OCTOBER 17, 2008
Even if I had hated Brokeback Mountain, I would have always appreciated it, because it was the film that made me appreciate living in Los Angeles. I remember seeing the ad on TV a few weeks after I had moved here, and when it said “Starts Friday in select cities.” I instantly thought “Aww...”, but then remembered that I now LIVED in a “select” city. So I went over to Fandango and bought a ticket, which in retrospect was something of a miracle, as it broke records for ticket sales for a limited release that weekend.
It also helped me realize what a douche my coworker is, because a few months later, when the Best Picture nominees were announced, he retorted “Why would I want to see a movie that was sympathetic to homosexuals?”. So I took perverse pleasure in watching the film at work today; I can only hope he saw a scene of Jake and Heath making out before writing his next letter to Sarah Palin (I’m not exaggerating, he legit wrote her a letter last week) or voting yes on Prop 8 or whatever it is ignorant assholes do with their time.
The other day I wrote a review for Keepsake, and pointed out that the film had zero ties, thematically or otherwise, to the previous film from the filmmaker. Now, I don’t think a director ALWAYS needs to explore the same ideas or even use the same composer or whatever to tie his work together, but it’s worth noting that Ang Lee’s previous film was Hulk, and on paper you’d never think that film would have anything in common with a movie “about gay cowboys”, but in reality, the two DO share some thematic similarities. In the end, both films are about a man who tries to suppress his “other” side despite the fact that he actually prefers it. While Jake Gylenhaal’s character eventually begins to sleep around with other guys, Heath Ledger's Ennis never really embraces this aspect of himself. Yet, you can plainly see that he is simply happier when he’s with “fuckin’ Jack Twist”. The only times in the film Heath’s character appears to be happy, or even content, is when he sees Jack for the first time in years, and in the few scenes on Brokeback when they’re not arguing over his inability to leave his wife and “come out”, for lack of a better term.
And even if you’re an ignorant fuck, you can’t deny that it’s a beautifully shot, engaging character study. Heath’s aging is fairly unconvincing (and half-assed - at least Jake grays his air and grows a moustache; Heath’s appearance never changes at all), but the passing of time is otherwise handled beautifully in the film. We don’t get any “3 years later” type nonsense, nor are there any “time passing montages” to annoy us. At one point, Michelle William’s character asks Ennis if they can rent a place on top of a Laundromat; a few scenes later, they are living there (and have been for a while). It is understood that time has passed, that he is trying to make her happy (he initially rejects the idea of moving), etc. without it being beat over our heads.
I also like the ambiguous ending. We’re never quite sure if Jack really did die in an accident or if he was the victim of a hate crime, and that’s fine. It doesn’t matter – he’s gone, and Ennis finally admits, if only to himself, how much their relationship meant to him. It’s a very subtle scene (maybe too subtle; I had to turn on the subs to understand what Heath’s final line is), and a very simple one at that. He simply looks at a shirt hanging in the closet (to give you an idea of how strong the scene is, it was parodied on The Simpsons in an otherwise un-similar episode; something they hardly ever do anymore, especially for a non “geek” film), and the wonderful, heartbreaking Gustavo Santaolalla score begins to play. All this from the guy who gave us the “Josh Lucas outline” in the climax of his last movie.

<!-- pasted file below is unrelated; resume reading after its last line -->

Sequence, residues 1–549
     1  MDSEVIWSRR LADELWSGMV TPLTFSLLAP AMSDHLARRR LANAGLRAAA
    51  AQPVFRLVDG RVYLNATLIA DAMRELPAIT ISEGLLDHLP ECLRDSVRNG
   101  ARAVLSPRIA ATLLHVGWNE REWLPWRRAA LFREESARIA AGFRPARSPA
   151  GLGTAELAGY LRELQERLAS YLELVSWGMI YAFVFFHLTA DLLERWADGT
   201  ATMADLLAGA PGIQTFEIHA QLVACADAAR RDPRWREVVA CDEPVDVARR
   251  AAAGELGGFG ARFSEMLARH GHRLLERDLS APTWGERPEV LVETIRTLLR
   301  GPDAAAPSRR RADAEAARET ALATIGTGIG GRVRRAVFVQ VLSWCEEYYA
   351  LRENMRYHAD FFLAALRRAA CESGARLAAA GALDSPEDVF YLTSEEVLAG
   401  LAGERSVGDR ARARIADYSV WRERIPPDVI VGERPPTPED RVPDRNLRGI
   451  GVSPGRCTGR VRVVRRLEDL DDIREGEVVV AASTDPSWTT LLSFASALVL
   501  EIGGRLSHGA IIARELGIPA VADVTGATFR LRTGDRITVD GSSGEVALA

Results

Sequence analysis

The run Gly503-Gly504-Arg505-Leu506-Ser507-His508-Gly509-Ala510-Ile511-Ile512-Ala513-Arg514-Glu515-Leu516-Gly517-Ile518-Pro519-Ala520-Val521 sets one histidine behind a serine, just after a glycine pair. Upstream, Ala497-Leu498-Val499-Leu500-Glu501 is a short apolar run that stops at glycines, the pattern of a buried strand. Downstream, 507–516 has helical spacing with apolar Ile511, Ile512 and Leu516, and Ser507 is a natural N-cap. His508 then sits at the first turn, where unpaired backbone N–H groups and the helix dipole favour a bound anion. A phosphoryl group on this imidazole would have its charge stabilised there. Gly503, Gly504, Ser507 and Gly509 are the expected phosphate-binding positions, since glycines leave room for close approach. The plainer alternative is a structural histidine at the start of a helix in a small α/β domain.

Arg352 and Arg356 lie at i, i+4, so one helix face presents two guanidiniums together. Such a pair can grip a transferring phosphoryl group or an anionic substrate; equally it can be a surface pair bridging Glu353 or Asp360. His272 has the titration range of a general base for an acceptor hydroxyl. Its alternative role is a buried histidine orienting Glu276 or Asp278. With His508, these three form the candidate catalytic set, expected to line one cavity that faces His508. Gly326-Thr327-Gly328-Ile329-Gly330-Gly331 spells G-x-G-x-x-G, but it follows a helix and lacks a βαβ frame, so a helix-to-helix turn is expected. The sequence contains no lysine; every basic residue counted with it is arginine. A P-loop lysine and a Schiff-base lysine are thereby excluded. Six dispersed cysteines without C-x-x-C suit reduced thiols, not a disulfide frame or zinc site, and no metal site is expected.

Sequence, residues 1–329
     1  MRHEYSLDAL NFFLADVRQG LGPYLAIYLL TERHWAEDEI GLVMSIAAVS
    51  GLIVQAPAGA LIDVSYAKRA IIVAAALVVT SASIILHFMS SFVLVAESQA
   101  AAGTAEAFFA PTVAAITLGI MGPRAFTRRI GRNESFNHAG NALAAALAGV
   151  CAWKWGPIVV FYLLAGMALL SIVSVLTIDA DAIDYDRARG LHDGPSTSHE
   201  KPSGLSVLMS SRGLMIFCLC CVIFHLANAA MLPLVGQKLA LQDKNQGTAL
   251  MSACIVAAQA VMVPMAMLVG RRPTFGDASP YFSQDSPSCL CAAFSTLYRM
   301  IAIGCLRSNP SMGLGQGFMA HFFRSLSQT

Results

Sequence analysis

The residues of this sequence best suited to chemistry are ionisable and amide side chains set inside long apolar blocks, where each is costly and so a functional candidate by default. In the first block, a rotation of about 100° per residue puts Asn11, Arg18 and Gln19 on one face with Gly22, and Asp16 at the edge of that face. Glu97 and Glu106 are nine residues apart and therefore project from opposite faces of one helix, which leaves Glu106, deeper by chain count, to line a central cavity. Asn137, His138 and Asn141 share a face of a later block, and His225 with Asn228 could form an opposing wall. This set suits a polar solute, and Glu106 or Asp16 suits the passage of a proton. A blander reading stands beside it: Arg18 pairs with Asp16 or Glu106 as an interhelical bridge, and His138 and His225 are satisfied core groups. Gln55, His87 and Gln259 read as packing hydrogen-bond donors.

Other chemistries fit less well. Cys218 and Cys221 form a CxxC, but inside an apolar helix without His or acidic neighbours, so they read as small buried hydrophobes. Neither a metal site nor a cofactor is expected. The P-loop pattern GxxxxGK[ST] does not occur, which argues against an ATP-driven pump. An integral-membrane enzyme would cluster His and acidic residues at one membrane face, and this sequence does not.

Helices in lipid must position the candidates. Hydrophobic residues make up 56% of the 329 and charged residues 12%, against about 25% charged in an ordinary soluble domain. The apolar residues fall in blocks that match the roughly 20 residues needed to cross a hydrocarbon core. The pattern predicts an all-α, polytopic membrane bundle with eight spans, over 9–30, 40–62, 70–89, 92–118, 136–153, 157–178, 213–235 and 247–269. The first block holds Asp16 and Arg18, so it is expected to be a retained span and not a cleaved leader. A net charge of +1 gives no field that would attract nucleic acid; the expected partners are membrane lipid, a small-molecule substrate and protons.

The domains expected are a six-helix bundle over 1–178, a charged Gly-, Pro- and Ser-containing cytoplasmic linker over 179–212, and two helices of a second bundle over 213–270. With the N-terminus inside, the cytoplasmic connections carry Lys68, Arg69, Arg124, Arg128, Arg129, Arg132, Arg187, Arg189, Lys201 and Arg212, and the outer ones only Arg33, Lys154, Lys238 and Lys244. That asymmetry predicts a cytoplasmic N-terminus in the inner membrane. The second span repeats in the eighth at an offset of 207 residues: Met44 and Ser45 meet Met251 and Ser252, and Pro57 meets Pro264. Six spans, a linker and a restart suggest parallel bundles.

And, not for nothing, but for a movie known primarily as “the gay cowboy movie”, it’s got some terrific eye candy. Michelle Williams, Anne Hathaway (nude!), Anna Faris, Kate Mara, and Linda Cardellini make up the female cast, and not only are they all terrific, but I mean, Christ! Five beautiful woman in a film about two guys? That’s gotta be a record of some sort. It’s also the only GOOD movie in many of their careers (for example, Kate Mara’s other work includes Urban Legend 3, Shooter, and Zoom), so there’s something.
The DVD is actually rather slim, which is a surprise considering its success (it was the highest grossing Best Picture nominee for that year). A lame promotional look that aired on Logo, and a trio of featurettes that total less than 30 minutes combined is hardly what I would call a “wealth” of extras. Another edition came along later, and had some more minor featurettes, but still no commentaries or really in depth looks at the film’s production. Oh well.
Between this and Dark Knight, it’s pretty clear that Heath, who began his career starring in complete garbage like Knight’s Tale, would have been one of our most cherished actors had he not unfortunately passed. It’s a shame that he is gone, but the fact that he was so great in this movie that there was a time that his casting in TDK was considered laughable speaks volumes for his talent. It’s depressing that the film was passed over in favor of one of the absolute worst movies ever made (Crash), and there was a weird sort of circular movement that resulted in him not winning the Best Actor award (Clooney got it for Syriana, as a consolation prize for him not getting the Best Director for Good Night and Good Luck, which went to Ang for this to make up for Crash taking away his rightful Best Picture award!), but the fact that he was nominated for pretty much every award ever for his performance (and won a few) is probably just as good.
In short, if you’ve dismissed this movie because you’re a homophobe, well, you’re even more of an idiot than previously understood.
What say you?